N is the number of turns.
A is the cross sectional area of the coil in square metres.
l is the length of the coil in metres.
\Phi = BA is the flux in webers (B is the flux density, A is the area).
i is the current in amperes

This, and the inductance of more complicated shapes, can be derived from Maxwell's equations [[3]].

Coupled inductors Edit

When the magnetic flux produced by an inductor links another inductor, these inductors are said to be coupled. Coupling is often undesired but in many cases, this coupling is intentional and is the basis of the transformer. When inductors are coupled, there exists a mutual inductance that relates the current in one inductor to the flux linkage in the other inductor. Thus, there are three inductances defined for coupled inductors:

L_{11} - the self inductance of inductor 1
L_{22} - the self inductance of inductor 2
L_{12} = L_{21} - the mutual inductance associated with both inductors

Vector field theory derivations Edit

Mutual inductance Edit

Mutual inductance is the voltage induced in one circuit (the secondary circuit) when the current in another circuit (the primary circuit) changes by a unit amount in unit time. It is important as the mechanism by which transformers work, but it can also cause unwanted coupling between conductors in a circuit. The mutual inductance (in SI) by circuit i on circuit j is given by the double integral Neumann formula [[4]]

  M_{ij} = \frac{\mu_0}{4\pi} \oint_{C_i}\oint_{C_j} \frac{\mathbf{ds}_i\cdot\mathbf{ds}_j}{|\mathbf{R}_{ij}|}

DerivationEdit

  \Phi_{i} = \int_{S_i} \mathbf{B}\cdot\mathbf{da} = \int_{S_i} (\nabla\times\mathbf{A})\cdot\mathbf{da}
  = \oint_{C_i} \mathbf{A}\cdot\mathbf{ds} = \oint_{C_i} \left(\sum_{j}\frac{\mu_0 I_j}{4\pi} \oint_{C_j} \frac{\mathbf{ds}_j}{|\mathbf{R}|}\right) \cdot \mathbf{ds}_i

where

\Phi_i\ \, is the magnetic flux through the ith surface by the electrical circuit outlined by Cj
Ci is the enclosing curve of Si.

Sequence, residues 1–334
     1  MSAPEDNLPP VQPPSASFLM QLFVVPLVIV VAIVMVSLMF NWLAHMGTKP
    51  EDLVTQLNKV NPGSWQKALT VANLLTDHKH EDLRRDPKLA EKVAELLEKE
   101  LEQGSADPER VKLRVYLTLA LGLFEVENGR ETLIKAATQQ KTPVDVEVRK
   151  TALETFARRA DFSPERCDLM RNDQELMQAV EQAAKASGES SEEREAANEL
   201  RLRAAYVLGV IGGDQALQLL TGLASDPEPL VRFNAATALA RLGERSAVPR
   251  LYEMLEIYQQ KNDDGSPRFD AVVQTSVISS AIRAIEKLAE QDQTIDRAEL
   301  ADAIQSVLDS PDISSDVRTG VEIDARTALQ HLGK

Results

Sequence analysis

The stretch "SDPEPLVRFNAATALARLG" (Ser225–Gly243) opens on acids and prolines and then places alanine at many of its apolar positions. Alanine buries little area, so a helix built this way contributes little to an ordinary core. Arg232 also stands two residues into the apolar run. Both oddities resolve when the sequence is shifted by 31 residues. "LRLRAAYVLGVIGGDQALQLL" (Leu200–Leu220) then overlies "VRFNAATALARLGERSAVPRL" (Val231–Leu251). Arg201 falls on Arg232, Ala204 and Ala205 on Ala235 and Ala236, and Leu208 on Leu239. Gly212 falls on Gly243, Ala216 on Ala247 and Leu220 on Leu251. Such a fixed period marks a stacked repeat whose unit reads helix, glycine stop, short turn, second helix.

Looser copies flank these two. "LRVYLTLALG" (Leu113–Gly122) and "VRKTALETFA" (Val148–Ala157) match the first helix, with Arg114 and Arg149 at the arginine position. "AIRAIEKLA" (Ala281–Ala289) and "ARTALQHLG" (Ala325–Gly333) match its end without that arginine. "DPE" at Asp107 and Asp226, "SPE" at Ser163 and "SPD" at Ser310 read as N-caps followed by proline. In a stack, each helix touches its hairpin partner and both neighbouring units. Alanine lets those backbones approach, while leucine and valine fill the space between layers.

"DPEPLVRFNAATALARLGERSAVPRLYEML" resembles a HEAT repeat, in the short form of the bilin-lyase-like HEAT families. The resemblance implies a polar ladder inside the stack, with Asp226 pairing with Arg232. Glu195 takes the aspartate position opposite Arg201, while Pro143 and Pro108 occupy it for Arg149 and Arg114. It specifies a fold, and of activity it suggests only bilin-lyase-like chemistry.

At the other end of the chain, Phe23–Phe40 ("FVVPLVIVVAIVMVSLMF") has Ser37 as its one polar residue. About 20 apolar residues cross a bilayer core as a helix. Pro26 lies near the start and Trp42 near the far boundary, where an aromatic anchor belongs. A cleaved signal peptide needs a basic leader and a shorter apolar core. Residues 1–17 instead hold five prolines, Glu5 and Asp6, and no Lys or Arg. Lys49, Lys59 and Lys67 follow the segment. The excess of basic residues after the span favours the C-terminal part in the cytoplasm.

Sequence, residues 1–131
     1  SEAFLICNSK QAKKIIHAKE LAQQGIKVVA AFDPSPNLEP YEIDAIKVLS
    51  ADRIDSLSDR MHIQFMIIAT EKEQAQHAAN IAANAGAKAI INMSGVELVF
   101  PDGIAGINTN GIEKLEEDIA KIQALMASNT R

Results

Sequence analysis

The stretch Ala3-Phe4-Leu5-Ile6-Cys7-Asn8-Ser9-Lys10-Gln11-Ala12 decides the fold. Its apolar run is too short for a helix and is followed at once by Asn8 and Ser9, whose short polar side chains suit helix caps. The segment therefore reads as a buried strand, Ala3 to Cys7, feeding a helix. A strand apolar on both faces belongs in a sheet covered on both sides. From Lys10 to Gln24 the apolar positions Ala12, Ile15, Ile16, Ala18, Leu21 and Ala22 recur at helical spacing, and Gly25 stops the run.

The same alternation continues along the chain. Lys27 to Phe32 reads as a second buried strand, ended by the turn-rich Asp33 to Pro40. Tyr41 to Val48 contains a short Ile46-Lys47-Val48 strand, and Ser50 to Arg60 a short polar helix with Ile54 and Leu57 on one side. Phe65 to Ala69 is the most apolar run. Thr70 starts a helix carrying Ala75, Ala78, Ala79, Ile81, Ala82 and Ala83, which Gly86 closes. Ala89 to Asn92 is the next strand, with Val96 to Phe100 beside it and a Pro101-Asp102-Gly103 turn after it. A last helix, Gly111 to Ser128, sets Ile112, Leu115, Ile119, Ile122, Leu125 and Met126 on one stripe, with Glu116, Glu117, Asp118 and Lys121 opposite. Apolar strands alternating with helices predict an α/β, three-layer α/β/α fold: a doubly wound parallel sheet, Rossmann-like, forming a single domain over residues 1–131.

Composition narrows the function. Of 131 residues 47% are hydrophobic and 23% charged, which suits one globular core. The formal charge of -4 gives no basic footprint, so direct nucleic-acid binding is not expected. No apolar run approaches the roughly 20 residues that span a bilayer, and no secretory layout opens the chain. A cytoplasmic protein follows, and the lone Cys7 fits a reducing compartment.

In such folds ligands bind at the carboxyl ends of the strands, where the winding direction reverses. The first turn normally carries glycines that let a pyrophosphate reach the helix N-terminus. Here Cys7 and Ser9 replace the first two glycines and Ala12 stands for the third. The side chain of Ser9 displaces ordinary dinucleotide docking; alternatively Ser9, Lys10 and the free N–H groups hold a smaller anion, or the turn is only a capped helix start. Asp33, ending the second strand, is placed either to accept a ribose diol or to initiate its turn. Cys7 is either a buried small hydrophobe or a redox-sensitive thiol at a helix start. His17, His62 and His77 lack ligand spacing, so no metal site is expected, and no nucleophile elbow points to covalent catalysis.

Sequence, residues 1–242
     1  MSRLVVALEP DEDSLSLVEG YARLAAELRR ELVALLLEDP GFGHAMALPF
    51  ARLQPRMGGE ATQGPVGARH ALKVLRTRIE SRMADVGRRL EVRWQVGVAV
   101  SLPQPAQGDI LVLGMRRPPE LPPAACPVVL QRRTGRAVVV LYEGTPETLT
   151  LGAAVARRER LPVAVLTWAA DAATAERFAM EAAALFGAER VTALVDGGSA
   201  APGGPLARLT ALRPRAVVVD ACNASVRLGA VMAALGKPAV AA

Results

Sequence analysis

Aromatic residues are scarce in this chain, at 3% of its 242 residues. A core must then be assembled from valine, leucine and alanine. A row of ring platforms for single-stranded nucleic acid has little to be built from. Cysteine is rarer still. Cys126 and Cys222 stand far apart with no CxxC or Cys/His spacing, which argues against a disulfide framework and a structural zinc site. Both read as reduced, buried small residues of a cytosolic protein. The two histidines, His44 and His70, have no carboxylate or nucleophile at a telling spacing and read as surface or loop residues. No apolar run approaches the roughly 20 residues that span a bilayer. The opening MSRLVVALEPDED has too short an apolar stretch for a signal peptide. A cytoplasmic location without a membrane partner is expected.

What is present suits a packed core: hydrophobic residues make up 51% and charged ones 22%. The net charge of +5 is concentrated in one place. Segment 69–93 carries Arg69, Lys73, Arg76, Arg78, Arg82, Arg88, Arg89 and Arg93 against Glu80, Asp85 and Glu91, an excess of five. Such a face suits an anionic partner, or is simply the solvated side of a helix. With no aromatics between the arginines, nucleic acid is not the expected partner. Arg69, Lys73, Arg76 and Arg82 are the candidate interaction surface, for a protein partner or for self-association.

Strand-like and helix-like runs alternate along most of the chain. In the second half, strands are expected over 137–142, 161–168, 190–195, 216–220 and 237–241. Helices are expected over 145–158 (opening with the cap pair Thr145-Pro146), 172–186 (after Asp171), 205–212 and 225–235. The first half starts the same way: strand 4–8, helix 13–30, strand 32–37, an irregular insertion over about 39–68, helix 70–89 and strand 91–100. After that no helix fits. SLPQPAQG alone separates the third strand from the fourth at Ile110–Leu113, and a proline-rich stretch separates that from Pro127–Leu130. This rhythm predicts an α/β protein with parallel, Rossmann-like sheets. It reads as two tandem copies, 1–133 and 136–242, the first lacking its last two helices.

B is the magnetic field vector.
A is the vector potential [[5]].

Stokes' theorem [[6]] has been used.

 M_{ij} \equiv \frac{\Phi_{ij}}{I_j} = \frac{\mu_0}{4\pi} \oint_{C_i}\oint_{C_j} \frac{\mathbf{ds}_i\cdot\mathbf{ds}_j}{|\mathbf{R}_{ij}|}

so that the inductance is a purely geometrical quantity independent of the current in the circuits.

Self-inductance Edit

Self-inductance, denoted L, is a special case of mutual inductance where, in the above equation, i =j. Thus,

 M_{ij} = M_{jj} = L_{jj} = L_j = L = \frac{\mu_0}{4\pi} \oint_{C}\oint_{C'} \frac{\mathbf{ds}\cdot\mathbf{ds}'}{|\mathbf{R}|}

Physically, the self-inductance of a circuit represents the back-emf described by Faraday's law of induction.

Usage Edit

The flux \Phi_i\ \! through the ith circuit in a set is given by:

 \Phi_i = \sum_{j} M_{ij}I_j = L_i I_i + \sum_{j\ne i} M_{ij}I_j \,

so that the induced emf, \mathcal{E}, of a specific circuit, i, in any given set can be given directly by:

 \mathcal{E} = -\frac{d\Phi_i}{dt} = -\frac{d}{dt}(L_i I_i + \sum_{j\ne i} M_{ij}I_j) = -(\frac{dL_i}{dt}I_i +\frac{dI_i}{dt}L_i) -\sum_{j\ne i}(\frac{dM_{ij}}{dt}I_j + \frac{dI_j}{dt}M_{ij})

See also Edit

References Edit

  • cite book | author=Griffiths, David J.|title=Introduction to Electrodynamics (3rd ed.)publisher=Prentice Hall year=1998 id=ISBN 013805326X [[7]]
  • Wangsness, Roald K. (1986). Electromagnetic Fields (2nd Ed.). Wiley Text Books. ISBN 0471811866. [[8]]
  • cite book | author=Hughes, Edward.|title=Electrical & Electronic Technology (8th ed.)| publisher=Prentice Hall |year=2002 |id=ISBN 058240519X[[9]]